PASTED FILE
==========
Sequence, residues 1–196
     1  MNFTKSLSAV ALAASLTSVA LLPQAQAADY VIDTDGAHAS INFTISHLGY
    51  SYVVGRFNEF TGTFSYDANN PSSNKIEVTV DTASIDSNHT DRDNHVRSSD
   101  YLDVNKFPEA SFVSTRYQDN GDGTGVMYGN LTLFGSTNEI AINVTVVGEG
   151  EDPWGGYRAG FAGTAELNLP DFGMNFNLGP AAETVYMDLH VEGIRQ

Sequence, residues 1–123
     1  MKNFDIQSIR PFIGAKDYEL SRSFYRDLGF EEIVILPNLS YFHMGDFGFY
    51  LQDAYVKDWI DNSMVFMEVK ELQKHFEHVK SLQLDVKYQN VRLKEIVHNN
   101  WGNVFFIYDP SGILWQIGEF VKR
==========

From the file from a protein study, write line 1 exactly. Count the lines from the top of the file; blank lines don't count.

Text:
Sequence, residues 1–196